You forget that the Internet is not a place filled with nice people. It is a dark alley where nice people go at their own risk, often to their peril. If your spam filtering is doing its job, more than half of your email gets blocked. That means that if you blocked all traffic, you would be right more often than not!
The worst possible scenario is to accept a fraudulent message identifier as legitimate, and then exempt the attack from all content filtering because it has been falsely labeled as "trusted sender". Fraudulent email does not carry a warning label, so the only way to protect yourself from this scenario is to require that whitelisted senders are verified. Unfortunately, we do not have a standards-based technique for obtaining a verification result on every message.
IETF has defined two ways to validate two different parts of the email message:
SPF verifies the SMTP Sender (a.k.a. Mail From) address [RFC 5321]. Some senders don't have an SPF policy at al. Others have configuration mistakes, so that messages don't produce PASS even when they would if configured correctly. SPF does not have a feedback mechanism, so the errors tend to go unresolved because they are never reported. If forwarding has happened, SPF because either useless (Mail From is rewritten to match forwarder domain) or misleading (SPF fails if Mail From is not rewritten).
We don't have a very good way to identify forwarded messages, and the one tool that we do have (ARC) is wholly depending on the forwarder providing correct information, and non-forwarders not supplying data that will by definition be misleading.
DMARC verifies the Message's "From" header [RFC 5322] using either aligned SPF PASS or aligned DKIM PASS. Alignment can be "strict" (exact domain match) or "relaxed' (same organization). Alignment is determined by the DMARC policy, which is part of the reason that DMARC is only defined when a policy is present. One could note that exact match on SPF or DKIM does not depend on the existence of a DMARC policy. I have made that observation but it will not be in the next revision of the DMARC specification, because IETF is only interested in protecting the receiver if the sending domain owner wants to provide this protection. On the upside, DMARC policies are difficult to get completely wrong, so if they exist they should be usable. However, some domain owners publish p=reject when their messages don't have DKIM signatures. if the message is forwarded, the message fails authentication and is labeled as a fraud. If a message is forwarded with changes (common action by mailing lists and some spam filters), any DKIM signatures are invalidated, so the result is again FAIL. Also, a lot of messages do not have DMARC policies.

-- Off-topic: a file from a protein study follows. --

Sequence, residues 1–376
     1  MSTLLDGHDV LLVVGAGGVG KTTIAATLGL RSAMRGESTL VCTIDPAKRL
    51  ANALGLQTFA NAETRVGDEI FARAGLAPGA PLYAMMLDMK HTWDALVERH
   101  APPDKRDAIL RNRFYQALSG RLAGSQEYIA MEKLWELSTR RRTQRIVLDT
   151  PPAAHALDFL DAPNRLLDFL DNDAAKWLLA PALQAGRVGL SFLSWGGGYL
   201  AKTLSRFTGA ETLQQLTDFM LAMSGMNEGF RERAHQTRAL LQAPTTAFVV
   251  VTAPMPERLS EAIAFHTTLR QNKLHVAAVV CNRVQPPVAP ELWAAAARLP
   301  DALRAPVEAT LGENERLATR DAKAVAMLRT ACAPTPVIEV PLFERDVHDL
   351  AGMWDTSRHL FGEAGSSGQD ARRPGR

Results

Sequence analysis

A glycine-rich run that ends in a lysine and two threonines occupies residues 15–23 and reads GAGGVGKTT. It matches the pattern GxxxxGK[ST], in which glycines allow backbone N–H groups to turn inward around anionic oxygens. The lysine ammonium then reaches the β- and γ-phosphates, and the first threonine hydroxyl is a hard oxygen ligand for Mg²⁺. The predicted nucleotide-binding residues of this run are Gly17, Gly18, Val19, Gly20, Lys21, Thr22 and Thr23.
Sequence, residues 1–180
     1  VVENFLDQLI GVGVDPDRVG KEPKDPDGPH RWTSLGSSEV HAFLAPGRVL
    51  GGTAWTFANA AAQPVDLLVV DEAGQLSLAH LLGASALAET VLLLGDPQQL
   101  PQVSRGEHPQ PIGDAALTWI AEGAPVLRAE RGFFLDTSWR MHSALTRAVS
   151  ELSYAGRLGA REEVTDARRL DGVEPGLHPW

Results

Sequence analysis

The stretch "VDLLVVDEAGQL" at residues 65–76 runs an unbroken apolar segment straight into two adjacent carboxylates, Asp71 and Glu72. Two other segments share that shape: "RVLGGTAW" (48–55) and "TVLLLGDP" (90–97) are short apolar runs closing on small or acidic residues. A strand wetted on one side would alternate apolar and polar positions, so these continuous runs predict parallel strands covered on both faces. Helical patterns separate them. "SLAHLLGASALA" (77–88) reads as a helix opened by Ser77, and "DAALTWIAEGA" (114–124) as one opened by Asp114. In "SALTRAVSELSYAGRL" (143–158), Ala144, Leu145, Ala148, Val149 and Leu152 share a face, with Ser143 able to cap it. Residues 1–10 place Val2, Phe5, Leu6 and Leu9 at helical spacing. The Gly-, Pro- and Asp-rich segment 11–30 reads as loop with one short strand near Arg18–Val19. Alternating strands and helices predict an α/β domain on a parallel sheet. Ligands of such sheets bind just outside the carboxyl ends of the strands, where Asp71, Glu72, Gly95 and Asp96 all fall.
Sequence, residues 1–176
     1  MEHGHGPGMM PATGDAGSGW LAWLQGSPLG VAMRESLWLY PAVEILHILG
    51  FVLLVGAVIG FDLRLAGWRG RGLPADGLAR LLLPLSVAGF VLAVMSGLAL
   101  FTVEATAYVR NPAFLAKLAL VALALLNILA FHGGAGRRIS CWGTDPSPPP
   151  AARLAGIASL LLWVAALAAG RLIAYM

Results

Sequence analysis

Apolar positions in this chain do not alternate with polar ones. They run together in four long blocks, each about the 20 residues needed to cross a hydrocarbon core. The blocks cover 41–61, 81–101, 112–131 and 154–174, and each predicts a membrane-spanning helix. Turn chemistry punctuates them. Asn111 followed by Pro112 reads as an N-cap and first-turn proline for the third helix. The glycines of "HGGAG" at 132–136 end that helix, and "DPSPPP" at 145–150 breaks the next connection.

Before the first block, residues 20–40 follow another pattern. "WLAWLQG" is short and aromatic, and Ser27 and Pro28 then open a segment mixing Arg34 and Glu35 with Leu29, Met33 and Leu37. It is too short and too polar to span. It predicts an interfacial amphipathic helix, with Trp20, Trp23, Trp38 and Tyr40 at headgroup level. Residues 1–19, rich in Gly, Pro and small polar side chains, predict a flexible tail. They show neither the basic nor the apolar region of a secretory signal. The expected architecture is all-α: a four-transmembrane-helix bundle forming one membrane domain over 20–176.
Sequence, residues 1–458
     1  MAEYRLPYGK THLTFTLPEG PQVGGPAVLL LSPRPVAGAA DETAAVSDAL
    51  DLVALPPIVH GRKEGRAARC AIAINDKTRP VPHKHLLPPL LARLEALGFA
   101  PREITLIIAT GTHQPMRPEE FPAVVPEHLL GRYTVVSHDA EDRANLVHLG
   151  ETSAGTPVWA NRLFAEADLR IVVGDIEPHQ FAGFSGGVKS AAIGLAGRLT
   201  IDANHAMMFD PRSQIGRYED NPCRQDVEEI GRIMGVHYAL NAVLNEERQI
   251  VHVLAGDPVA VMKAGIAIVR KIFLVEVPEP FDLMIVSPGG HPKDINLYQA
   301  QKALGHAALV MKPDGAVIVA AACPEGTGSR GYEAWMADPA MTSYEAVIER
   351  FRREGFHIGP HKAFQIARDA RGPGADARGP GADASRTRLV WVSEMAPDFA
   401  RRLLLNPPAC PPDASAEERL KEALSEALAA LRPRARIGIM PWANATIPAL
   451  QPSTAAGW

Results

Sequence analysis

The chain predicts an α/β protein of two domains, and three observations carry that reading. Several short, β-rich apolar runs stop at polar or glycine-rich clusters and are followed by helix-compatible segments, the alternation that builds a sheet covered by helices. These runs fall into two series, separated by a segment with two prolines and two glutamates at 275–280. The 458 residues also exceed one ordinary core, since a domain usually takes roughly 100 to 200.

Mail From and From addresses are often different At lot of mail, my guess is about 50%, is sent by Email Service Providers (ESP) who specialize in delivery of messages in high volume and messages generated by web sites or other automation. The ESP domain is used for the SMTP Mail From address, and the client address is used for the message From address. There are other reasons as well. This is not fraud, this is just the way people need email to work.
Overall, both SPF and DMARC return results of "PASS=verified", "FAIL=repudiated", "Uncertain", and "No policy". Uncertain and No Policy are all too common, and false FAIL will also occur.
In the example you provided, it appears that the message was going to Junk because the message was producing FAIL. So making it a trusted sender does not solve the problem because the sender has an inherent trust problem.
In my environment, I have defined a custom exception structure so that I can configure alternate authentication for any wanted message that cannot produce PASS. It has required a lot of data collection and a lot of message review. But along the way I have detected and blocked a lot of malicious and unwanted senders, not merely impersonators, so I feel like the effort has been well worth it. But this goes way beyond what you can expect to get for free from a vendor whose primary business is mail handling, not spam filtering. I don't think you can even buy it. But you could build it.